Schools must overcome resistance to change, says former Google exec

by Brett Henebery23 Oct 2015

Earlier this week, The Educator reported on the rise of AltSchool, a network of “micro-school” communities in the US that are preparing students for the future through personalized learning experiences.
AltSchool, which is now accepting applications for the 2016-2017 school year, is one of many examples that show how the face of education continues to change.
This change largely involves a technology-driven approach to education coupled with self-directed learning, but is this transformation of the traditional learning environment really improving student outcomes?
The staff at AltSchool recognises that their mission to prepare students for the world that awaits them remains a work in progress. However, through being responsive to change and keeping up-to-date with the latest in cutting-edge pedagogy, the school has managed to sustain its growth and credibility.
This, they say, is something other schools should be paying more attention to.
AltSchool founder Max Ventilla – who is also a former Google executive – told The Educator that schools today had become “structurally resistant to making changes” and that this was a problem if educators wanted to prepare the current generation for the world that awaits them after school.
“The amount of change that today’s generation is going to experience in their professional, personal and social lives, is unfathomable,” Ventilla said.
“We know we can no longer predict what that experience will be like a few decades. This was not the case when our parents were in school.
“So the best thing we can do is to create a school model and ecosystem that is capable of making change, so that it can iterate along with the outside world and schools won’t constantly be playing catch-up.”
AltSchool’s founder, Max Ventilla, put the school’s success down to a “new form of personalized education”. This, he said, allows teachers to assign more projects to high achievers and spend more time on concepts that are causing problems.
“We are already seeing our personalized approach show tremendous results in reading, where most students score much higher than their peers. The reason is that personalization applied to reading is essential to helping them improve,” Ventilla told The Educator.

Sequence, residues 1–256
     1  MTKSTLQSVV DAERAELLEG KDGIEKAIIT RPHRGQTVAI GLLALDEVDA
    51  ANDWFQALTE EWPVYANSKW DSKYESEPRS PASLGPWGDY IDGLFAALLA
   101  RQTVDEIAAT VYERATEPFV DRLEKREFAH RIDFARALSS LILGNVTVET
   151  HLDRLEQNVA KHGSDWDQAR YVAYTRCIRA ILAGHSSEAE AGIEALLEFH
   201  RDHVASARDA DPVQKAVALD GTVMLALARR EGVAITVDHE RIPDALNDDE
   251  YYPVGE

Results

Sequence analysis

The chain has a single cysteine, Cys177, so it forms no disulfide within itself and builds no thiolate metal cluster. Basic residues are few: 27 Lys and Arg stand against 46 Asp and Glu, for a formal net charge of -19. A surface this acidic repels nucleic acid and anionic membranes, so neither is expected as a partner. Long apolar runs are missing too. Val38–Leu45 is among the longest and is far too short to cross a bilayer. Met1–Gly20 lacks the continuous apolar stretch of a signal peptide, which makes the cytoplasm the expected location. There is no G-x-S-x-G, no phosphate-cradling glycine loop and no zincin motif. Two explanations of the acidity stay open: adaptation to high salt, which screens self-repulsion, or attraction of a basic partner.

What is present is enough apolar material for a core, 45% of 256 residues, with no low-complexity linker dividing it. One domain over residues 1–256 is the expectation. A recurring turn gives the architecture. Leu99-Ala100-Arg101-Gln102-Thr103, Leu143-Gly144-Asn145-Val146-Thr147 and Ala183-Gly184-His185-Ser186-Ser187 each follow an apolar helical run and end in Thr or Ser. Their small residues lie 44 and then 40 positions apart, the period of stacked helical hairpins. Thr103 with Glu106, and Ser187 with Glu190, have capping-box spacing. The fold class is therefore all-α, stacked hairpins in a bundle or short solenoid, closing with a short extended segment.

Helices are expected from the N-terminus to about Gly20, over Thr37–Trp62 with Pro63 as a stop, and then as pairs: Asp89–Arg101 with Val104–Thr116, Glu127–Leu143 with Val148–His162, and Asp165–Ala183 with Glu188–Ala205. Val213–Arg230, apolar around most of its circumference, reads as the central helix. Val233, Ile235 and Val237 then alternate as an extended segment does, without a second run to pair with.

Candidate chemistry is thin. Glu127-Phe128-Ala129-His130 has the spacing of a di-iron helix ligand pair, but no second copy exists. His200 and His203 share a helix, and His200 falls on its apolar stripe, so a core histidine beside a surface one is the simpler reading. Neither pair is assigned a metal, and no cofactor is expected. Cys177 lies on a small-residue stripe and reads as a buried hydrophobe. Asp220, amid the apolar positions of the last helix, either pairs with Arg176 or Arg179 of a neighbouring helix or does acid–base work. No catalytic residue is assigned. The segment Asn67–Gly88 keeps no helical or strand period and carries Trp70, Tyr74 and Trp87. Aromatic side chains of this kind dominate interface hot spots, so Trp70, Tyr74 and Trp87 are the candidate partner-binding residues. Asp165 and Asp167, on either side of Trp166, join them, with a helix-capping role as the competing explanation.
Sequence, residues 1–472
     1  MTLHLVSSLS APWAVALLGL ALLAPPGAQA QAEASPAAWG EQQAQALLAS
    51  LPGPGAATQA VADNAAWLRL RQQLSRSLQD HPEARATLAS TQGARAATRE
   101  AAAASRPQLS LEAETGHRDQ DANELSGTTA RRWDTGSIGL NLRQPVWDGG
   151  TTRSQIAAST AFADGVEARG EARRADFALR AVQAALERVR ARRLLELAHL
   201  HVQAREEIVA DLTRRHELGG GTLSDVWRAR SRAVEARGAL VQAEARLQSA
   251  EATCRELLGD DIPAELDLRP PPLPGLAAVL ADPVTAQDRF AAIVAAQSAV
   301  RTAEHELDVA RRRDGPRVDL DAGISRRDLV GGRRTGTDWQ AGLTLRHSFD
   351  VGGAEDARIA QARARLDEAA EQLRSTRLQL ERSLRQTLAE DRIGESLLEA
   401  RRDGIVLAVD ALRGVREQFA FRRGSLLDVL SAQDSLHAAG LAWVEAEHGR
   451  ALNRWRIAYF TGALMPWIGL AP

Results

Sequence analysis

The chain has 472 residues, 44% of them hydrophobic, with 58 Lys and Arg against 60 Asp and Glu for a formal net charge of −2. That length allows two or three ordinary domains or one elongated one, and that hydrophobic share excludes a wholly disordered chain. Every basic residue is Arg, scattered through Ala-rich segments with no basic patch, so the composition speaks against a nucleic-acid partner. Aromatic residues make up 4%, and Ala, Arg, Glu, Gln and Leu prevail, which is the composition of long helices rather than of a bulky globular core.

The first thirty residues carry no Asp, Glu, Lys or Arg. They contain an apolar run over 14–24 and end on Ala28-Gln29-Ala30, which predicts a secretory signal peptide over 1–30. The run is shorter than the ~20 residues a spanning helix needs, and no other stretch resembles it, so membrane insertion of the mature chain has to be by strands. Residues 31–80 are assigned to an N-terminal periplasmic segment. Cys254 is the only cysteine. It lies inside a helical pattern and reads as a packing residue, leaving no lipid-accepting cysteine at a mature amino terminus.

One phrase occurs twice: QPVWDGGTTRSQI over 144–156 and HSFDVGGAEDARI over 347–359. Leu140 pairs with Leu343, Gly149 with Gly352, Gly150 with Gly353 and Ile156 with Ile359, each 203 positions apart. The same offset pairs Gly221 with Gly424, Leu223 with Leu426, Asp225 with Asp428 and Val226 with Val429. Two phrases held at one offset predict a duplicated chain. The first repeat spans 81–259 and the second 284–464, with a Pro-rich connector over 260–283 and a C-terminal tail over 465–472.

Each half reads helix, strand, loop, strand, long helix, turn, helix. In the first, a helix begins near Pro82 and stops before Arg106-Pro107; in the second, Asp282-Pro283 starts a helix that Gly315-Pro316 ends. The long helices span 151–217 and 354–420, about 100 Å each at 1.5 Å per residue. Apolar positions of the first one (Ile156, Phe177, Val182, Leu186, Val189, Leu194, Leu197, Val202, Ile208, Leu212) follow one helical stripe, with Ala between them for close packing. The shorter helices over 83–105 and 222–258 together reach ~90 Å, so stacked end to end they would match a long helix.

“With reading, the key is to always challenge students to reach a level above where they are currently reading – and you simply can't do that as a teacher if you're not able to spend the time or have the data needed to truly understand each child's needs individually.”
Ventilla added it was a matter of technology being combined with an approach that supports personalization, and able to do a lot of the “quantitative heavy lifting on the back end so that teachers get more qualitative time on the front end”.
This integration of technology into effective pedagogy is often referred to as ‘21st century learning’. However there is more to it than that when it comes to making a genuine impact on student outcomes, says Maggie Quale, AltSchool’s head of media relations.
Quale told The Educator that while AltSchool has received a high degree of interest from educators around the world, the school must continue to develop, tracking and quantifying student outcomes before global expansion begins in earnest.
“Before we can look to international expansion, we have to improve the running of our schools to the extent that we can credibly say to others ‘AltSchool can enable you to be transformatively better,” Quale said, adding she expected this goal to be reached in “about 2-3 years”.
To achieve this end, the school is relying on the “satisfaction data” it collects through the comprehensive programs it runs. The data is collected from students, parents and educators on a weekly basis, helping the school track its progress.
“Unlike most businesses and organizations, schools don't look to their ‘users’ satisfaction as a meaningful measurement of the service they provide and as a mechanism to make real-time and necessary change,” Quale said.
“On standards based progress, we aggregate many different measures together in something we call Learning Progression. This involves standardized tests and formative assessments from teachers related to daily student work, student reflection and third-party data.”
Quale said this gives teachers and parents “a much richer understanding” than a letter grade or test score can on how students are doing across dozens of subject and functional areas.
“Our students also take the Measure of Academic Progress (MAP) test three times a year,” she said.
MAP tests are an adaptive test based on common core standards that match each student’s skill level.
“These tests provide teachers and parents with a quantitative basis for how they are progressing academically, and how they track in comparison to national and international averages,” said Quale.
“We're a little too young yet to start releasing test scores publicly; however I can say that in our first year with multiple schools, students faired as good as or better across the benchmarks compared to other private schools.”
As for how AltSchool might influence the way other schools around the world are run and operated in the future, Quale was cautiously optimistic. She said that while the education landscape appears to be changing rapidly, the truth was that “things move very slowly in the education space”.
“Even ten years from now, I would expect that the majority of American schools to look pretty similar to today. However when we look 15-20 years out, we have the potential for greater transformation in the education space,” said Quale.